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Jeremy Fields on the Mer de Glace in the French Alps -- before he had any injuries that stopped him from climbing or running.
Jeremy Fields on the Mer de Glace in the French Alps — before he had any injuries that stopped him from climbing or running.



The text was so simple I knew something was really wrong.

“Call me”

I called my husband. Something popped, audibly, in his leg, and now he couldn’t weight it at all.

Rattled, I hung up and told my friend Cheryl, who I was climbing with, what had happened.

“I can’t take it if he has another injury,” I said to her.

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Jenn Fields blogs about Boulder’s great outdoors at fieldnotes.pmpblogs.com.

I was on my last nerve, and I wasn’t even the injured one.

My husband acquired his first injury in March. Something wasn’t right in his shoulder. It lingered mysteriously all spring and summer. He started physical therapy for it in the fall, even though they weren’t quite sure what it was.

When he quit climbing to let it heal, he quickly injured his foot by trail running too hard too quickly. Again, the doctors weren’t exactly sure what it was, but told him to stop running.

Then, a couple of weeks ago, an MRI revealed that he had shoulder bursitis and a partially torn supraspinatus. He got a cortisone shot and distracted his time away from climbing, running and cycling with skiing, the only sport that didn’t bother his foot or shoulder… and the only sport left we could do together.

Now he couldn’t stand on one leg. He wasn’t dying, but for an active couple, one more injury felt like, well, adding triple insult to injury.

Cheryl graciously said she was done climbing and sent me home to take care of him. On the way home, losing it, I called a friend to vomit out the frustration I’d built up over months of his injuries.

I know my husband is tough; he’s been an athlete his entire life. But the shoulder injury was a mystery until he got the MRI, and for whatever reason, it took an MRI for me to trust his ongoing angst over the achy shoulder.

Now he mysteriously couldn’t walk? I couldn’t deal.

Our friends rallied around my husband that night. Cheryl and another friend, who saw me leaving the gym early, checked in. A massage-therapist friend offered some advice to get him through the evening and another friend, an acupuncturist we only recently met, called with more advice.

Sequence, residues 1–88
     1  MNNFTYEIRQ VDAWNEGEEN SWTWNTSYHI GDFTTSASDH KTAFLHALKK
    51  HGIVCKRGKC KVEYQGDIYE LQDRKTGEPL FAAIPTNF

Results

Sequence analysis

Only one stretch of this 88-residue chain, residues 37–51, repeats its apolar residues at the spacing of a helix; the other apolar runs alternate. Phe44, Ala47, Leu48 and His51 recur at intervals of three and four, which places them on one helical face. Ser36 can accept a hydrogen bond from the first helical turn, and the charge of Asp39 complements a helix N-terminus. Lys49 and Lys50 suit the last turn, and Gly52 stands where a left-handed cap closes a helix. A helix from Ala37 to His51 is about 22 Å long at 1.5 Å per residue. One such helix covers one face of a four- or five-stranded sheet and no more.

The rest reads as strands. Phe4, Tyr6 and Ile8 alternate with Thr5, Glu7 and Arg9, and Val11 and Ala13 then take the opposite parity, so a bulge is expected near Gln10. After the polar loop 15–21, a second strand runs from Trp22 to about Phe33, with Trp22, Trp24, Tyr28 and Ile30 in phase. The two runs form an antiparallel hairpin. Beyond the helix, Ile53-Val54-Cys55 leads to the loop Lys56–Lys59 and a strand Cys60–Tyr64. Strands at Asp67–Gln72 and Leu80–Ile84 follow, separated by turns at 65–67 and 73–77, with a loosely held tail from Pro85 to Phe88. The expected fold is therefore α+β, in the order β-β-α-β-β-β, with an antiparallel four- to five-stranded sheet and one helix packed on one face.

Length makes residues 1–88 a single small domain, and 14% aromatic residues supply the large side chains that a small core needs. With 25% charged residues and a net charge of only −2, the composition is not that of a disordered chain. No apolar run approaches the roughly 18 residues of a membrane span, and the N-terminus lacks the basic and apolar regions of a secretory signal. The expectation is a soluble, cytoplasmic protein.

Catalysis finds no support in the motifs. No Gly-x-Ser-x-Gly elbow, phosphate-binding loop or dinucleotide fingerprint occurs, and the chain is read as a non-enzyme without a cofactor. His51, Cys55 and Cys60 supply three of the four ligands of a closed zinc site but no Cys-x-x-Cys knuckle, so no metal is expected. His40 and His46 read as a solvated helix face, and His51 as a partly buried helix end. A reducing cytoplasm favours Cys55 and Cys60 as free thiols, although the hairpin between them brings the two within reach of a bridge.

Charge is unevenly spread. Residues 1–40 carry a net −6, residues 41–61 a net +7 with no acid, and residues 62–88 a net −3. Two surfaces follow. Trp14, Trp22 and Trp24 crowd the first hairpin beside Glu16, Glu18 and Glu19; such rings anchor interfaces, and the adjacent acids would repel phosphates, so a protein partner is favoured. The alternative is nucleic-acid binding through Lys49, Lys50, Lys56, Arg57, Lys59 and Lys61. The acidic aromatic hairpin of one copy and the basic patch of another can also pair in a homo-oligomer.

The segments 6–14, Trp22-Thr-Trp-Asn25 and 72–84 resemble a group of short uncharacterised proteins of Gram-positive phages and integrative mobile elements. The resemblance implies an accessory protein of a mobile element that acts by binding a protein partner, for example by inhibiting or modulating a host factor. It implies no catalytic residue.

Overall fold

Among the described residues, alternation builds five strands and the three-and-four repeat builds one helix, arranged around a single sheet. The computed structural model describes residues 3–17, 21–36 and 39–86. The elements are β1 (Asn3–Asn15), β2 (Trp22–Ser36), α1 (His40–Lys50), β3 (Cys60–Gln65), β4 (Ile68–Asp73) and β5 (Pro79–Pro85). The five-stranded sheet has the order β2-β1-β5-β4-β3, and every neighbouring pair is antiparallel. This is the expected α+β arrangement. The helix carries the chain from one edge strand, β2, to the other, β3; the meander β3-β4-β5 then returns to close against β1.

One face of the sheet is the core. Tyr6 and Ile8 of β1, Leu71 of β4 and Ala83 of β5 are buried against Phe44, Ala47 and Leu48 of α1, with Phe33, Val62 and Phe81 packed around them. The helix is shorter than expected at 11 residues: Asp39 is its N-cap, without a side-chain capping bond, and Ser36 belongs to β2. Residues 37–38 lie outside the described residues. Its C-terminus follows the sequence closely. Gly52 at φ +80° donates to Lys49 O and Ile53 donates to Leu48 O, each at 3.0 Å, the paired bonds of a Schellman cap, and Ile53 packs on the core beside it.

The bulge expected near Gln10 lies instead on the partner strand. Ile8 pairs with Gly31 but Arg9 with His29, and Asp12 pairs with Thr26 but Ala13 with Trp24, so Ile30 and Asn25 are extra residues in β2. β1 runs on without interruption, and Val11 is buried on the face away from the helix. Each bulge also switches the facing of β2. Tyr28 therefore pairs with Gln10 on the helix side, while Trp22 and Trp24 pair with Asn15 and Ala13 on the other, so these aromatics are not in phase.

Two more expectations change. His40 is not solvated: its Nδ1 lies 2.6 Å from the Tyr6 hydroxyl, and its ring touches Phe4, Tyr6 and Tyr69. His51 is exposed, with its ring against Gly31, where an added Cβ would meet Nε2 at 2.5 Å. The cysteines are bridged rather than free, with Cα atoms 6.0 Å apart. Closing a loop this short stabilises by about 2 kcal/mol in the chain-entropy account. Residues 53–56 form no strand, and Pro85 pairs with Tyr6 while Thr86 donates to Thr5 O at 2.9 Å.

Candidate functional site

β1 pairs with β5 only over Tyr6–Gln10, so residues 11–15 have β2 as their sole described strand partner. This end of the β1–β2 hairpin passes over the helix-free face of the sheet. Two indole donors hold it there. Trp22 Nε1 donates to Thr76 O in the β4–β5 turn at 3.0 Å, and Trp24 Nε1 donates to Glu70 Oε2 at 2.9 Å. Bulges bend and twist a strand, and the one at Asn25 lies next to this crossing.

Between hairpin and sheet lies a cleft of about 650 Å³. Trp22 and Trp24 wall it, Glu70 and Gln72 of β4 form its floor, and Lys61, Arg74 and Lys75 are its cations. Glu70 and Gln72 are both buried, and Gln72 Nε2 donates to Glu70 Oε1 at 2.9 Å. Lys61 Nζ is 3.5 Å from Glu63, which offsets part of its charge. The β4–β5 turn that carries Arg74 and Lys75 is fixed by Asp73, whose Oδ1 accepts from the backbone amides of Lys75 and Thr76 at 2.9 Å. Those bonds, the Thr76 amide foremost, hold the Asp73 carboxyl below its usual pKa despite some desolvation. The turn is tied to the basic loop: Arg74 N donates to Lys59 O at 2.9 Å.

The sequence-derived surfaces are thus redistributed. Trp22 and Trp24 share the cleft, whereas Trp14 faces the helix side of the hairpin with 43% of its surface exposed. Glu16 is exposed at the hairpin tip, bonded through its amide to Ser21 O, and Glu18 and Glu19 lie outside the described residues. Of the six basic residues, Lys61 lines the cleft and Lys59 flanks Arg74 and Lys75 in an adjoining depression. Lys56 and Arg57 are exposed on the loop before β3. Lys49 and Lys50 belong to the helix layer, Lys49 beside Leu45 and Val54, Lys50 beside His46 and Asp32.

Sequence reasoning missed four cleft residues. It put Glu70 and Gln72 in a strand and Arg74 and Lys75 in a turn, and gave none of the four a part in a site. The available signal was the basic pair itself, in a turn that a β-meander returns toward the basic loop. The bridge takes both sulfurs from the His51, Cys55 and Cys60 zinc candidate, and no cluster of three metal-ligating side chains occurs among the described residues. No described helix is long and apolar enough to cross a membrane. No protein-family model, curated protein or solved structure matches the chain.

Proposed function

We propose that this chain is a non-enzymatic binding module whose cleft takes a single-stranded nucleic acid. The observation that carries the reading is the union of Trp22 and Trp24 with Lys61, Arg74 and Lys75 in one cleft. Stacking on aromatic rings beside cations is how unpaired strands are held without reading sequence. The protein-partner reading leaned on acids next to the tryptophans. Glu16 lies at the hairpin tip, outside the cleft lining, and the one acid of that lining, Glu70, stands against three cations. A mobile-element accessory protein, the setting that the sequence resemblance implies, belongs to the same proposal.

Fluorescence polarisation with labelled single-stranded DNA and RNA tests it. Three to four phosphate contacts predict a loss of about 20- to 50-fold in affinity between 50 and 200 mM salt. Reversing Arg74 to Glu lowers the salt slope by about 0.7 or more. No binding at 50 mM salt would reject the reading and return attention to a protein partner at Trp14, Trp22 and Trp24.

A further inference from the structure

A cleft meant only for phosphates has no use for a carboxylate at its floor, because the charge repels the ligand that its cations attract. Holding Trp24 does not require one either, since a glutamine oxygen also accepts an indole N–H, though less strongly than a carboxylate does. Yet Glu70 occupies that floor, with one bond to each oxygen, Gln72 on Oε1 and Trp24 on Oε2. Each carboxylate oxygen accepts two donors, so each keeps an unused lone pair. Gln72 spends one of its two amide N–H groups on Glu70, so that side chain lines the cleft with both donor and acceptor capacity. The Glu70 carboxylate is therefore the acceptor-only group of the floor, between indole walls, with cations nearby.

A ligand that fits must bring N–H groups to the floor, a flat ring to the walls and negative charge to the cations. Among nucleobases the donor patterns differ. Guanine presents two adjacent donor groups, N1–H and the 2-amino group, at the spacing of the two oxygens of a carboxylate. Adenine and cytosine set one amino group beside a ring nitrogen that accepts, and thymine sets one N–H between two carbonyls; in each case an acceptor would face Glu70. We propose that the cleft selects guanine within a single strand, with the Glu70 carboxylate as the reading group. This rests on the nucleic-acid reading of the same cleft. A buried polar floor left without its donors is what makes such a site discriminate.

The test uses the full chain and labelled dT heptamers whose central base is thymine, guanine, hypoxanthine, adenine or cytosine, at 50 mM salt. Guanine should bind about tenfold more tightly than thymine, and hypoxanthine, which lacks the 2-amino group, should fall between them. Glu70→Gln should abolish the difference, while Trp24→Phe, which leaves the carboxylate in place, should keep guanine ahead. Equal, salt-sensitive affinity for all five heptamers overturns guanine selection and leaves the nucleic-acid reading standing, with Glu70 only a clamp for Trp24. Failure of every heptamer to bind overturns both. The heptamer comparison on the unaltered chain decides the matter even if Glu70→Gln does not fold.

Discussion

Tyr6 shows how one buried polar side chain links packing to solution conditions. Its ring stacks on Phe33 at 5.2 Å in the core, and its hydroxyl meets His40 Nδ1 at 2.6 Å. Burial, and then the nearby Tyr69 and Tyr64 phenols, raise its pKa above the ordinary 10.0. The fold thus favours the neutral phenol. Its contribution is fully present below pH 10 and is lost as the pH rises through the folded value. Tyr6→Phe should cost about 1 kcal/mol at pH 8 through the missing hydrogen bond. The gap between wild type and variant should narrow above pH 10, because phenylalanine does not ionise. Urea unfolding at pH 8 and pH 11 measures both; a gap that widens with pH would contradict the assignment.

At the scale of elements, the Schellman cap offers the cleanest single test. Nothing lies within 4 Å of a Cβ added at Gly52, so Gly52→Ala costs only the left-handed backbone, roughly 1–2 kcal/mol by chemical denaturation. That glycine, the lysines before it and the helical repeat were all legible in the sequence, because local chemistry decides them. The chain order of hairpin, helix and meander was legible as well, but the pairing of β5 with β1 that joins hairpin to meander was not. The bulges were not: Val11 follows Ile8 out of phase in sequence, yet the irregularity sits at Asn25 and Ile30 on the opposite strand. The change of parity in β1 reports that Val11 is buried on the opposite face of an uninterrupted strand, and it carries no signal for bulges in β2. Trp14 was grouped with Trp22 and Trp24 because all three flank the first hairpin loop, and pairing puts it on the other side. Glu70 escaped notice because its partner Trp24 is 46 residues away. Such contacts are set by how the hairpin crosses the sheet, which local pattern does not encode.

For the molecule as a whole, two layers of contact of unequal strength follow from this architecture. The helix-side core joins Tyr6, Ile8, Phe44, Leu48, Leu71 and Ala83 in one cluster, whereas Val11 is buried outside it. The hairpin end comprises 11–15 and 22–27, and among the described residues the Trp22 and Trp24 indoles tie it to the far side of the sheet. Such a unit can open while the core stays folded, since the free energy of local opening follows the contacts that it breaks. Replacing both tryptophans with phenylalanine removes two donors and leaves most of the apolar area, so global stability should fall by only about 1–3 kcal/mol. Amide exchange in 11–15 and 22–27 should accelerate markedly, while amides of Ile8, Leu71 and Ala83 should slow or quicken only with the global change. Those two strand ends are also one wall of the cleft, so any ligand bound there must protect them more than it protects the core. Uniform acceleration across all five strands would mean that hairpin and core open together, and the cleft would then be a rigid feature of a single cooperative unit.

It was a heartwarming show of support. But it made me realize that all along, I haven’t been there for better or worse.

I didn’t take his shoulder injury seriously when it first happened in March, and I didn’t take it seriously all spring, summer and fall. I simply found new partners and kept climbing. And getting stronger. And coming home plagued with tunnel vision for more climbing, which he had to listen to, for better or worse.

I suddenly felt like I’d brought bad healing juju into our home for months. It was a big fat lesson: I’m not merely plagued with tunnel vision — I’m solipsistic, and solipsism is bad for a marriage.

The next morning, I drove him (again) to the Boulder Center for Sports Medicine to see a doctor who knows him well now. The doc wasn’t surprised: calf strain, he said, and it can happen any time, even in your sleep. He brought in an ortho boot and crutches and told him to ice his leg often over the next few days.

Solipsism shatters under the visual impact of seeing your spouse — the cyclist, runner, climber, skier, athlete — crutching into the kitchen for an ice pack.

Now, he’s on the right track for healing both this latest injury and the foot injury, because that foot is stuck in the ortho boot for another couple of weeks.

I’m on the right track now, too, but I have to be careful. It’s easy to get wrapped up in sports and forget that one of the reasons they’re so addictive is the relationships you build while doing them.

Those relationships — for better or worse — are more important than the sport itself.

Jenn Fields’ Field Notes runs every Monday in the Colorado Daily.

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